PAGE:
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Ayn Rand on Forbidding Sexual Displays in Public Places

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For the Objectivist view on the subject of rightful owners of property stolen by government, and repossession of that property, you may want to familiarize yourself with the character Ragnar Danneskjold in the novel Atlas Shrugged.

You may want to take your own advice. In this case, there is no argument to be made that any specific person has previously rightfully owned this land. And for the Objectivist view, familiarizing yourself with the character of John Galt would be more instructive.

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Ooh, we used to have a thirty-some page topic on this very subject back in the day, I think. Always fun to revisit these discussions :)

I think the most relevant part of this discussion pertains to privately owned property that is publicly visible. Public property as such is an anti-concept, and is inherently going to result in contradicting principles when we try to apply it consistently.

When we're talking about someone's property it becomes a lot easier: if a certain property owner allows nudity and you have a problem with this, then simply do not go to that part of town. You have no inherent right to visit that person's property anyway, and if you choose to go there then you need to accept whatever rules they have set down. If it's your neighbor who is doing these things on his land, then just put up a fence or hedge that's high enough that you don't have to see it.

If it truly bothers you so much to see these things, then move to a community where every land title includes basic rules of conduct that you find acceptable.

I don't think there is any good argument that can be made why seeing someone naked or having sex is a violation of your right. It in no way prevents you from acting, nor does it defraud you of any value. Whether or not you experience an emotion when you see something isn't anyone's business, and the mere fact you experience an emotion you don't want to doesn't violate your rights. The only way you could argue that being disgusted violates your rights is if it compelled you to act in a certain way, and I don't think any Objectivist could believe that emotions have such a power. In the absence of that coercion, how could seeing something violate your rights?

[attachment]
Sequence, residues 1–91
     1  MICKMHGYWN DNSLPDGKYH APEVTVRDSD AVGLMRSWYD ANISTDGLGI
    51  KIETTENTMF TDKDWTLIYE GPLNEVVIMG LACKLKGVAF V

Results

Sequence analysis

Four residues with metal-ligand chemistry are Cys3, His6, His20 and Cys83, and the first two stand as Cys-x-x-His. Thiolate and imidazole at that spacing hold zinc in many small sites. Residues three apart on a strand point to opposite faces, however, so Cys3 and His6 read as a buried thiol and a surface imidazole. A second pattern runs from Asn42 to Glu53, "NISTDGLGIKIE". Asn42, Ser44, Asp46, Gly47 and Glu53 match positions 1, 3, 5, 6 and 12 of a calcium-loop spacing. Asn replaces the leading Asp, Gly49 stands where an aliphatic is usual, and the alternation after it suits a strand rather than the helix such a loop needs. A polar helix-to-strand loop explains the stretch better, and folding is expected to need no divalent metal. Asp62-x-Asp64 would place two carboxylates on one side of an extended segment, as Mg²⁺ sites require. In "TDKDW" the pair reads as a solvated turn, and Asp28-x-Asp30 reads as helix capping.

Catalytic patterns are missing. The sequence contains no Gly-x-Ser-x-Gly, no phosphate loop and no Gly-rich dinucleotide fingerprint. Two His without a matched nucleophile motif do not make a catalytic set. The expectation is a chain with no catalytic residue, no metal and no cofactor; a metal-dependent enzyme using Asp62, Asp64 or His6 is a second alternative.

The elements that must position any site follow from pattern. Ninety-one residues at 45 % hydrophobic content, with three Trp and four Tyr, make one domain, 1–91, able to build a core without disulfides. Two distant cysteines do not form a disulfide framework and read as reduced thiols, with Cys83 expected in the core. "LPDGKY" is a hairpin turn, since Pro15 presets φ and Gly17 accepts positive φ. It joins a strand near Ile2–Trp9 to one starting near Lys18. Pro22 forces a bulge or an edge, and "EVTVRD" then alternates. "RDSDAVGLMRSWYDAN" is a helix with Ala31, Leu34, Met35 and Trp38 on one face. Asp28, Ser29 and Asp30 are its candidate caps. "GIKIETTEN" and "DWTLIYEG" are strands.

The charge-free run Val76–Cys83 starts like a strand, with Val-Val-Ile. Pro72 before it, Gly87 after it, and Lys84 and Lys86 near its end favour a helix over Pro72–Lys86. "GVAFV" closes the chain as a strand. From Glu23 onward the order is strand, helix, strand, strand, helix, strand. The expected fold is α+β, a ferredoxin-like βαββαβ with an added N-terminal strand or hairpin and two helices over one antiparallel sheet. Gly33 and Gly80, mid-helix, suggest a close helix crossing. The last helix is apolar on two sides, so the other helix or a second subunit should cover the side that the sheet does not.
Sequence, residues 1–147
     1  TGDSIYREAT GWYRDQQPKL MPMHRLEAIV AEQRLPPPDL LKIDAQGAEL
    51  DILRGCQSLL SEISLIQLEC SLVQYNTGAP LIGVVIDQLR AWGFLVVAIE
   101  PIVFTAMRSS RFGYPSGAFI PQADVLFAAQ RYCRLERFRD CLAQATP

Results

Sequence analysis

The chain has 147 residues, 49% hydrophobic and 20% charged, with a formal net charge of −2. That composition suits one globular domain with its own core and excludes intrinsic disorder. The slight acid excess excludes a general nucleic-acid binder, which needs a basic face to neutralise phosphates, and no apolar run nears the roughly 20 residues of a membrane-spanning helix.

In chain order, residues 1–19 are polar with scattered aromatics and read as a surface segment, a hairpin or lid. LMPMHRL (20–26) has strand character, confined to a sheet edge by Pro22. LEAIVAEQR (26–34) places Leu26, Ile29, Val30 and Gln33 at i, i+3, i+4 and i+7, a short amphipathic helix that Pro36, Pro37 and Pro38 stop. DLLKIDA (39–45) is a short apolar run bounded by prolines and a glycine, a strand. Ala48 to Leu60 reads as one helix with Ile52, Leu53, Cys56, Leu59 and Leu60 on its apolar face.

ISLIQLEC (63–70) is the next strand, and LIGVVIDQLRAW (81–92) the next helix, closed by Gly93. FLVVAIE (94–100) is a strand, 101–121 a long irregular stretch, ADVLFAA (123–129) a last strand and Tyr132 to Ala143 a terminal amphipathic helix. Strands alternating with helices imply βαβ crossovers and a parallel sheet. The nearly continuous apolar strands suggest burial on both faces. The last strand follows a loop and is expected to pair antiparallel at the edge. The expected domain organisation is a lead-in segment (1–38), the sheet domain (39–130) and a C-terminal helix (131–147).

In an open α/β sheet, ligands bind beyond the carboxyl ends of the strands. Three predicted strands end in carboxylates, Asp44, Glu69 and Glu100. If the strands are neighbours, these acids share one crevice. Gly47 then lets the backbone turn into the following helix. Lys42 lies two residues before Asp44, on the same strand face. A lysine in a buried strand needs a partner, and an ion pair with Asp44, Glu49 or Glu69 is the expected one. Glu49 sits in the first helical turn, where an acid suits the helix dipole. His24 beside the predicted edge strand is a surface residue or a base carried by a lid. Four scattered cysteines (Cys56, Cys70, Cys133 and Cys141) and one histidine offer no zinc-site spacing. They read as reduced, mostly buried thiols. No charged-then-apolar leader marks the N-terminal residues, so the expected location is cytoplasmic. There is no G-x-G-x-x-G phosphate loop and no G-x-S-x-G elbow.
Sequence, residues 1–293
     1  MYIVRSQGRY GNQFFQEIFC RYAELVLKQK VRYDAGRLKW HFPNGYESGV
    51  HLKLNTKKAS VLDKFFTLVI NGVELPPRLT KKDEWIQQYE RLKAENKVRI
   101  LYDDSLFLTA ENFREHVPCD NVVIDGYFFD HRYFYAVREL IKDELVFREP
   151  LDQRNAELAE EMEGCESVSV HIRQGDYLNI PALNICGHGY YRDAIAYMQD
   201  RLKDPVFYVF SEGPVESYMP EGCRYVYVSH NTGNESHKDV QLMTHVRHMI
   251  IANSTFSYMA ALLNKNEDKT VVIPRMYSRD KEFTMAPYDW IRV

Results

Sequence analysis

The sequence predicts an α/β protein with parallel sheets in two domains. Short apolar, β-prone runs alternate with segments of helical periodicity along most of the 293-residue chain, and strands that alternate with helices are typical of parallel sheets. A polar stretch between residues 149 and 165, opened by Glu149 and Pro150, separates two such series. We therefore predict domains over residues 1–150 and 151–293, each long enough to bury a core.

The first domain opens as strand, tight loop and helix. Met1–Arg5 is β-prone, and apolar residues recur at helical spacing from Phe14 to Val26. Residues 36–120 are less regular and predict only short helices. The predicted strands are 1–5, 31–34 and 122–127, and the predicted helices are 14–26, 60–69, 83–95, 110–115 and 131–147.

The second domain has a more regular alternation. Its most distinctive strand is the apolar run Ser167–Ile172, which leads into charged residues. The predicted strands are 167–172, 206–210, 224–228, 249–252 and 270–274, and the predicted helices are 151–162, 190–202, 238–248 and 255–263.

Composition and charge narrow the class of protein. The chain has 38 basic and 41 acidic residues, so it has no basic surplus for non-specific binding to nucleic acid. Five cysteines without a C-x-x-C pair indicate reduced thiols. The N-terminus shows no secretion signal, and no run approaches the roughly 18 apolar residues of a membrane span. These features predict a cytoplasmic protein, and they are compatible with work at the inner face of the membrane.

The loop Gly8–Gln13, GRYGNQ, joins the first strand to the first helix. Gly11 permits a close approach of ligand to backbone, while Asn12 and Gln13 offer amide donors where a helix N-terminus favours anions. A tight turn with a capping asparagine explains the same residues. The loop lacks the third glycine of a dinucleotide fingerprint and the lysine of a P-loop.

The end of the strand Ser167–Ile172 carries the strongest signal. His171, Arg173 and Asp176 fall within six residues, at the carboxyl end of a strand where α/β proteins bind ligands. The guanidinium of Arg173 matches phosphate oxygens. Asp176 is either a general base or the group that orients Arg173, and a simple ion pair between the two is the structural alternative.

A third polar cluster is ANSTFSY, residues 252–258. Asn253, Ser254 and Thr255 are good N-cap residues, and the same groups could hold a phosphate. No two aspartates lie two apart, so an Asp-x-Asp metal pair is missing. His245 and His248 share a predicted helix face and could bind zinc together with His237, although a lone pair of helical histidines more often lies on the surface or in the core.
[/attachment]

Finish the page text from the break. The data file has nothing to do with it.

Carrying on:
As an aside, I also am not particularly convinced by the argument that children need to be protected from things that are bad for them. Yes, it may lead you to have an uncomfortable conversation with your child before you wanted to, but the same thing could happen if they spend an afternoon browsing the internet and you forget to child proof your connection. Yet, no one would think to sue, say, a porn website because it violated their child's rights (who happened to browse there by accident). I don't think any sights are inherently scarring (not of the type we're discussing, anyway) because the conclusions someone draws from what they see is under their volitional control. If the child is too young to understand properly what those people having sex are doing, then how could it be harming them? (And coincidentally, we could be making that same argument to ban parents from having sex in their own house because it might scar their children. That's not that different from a child seeing some other adults having sex.)

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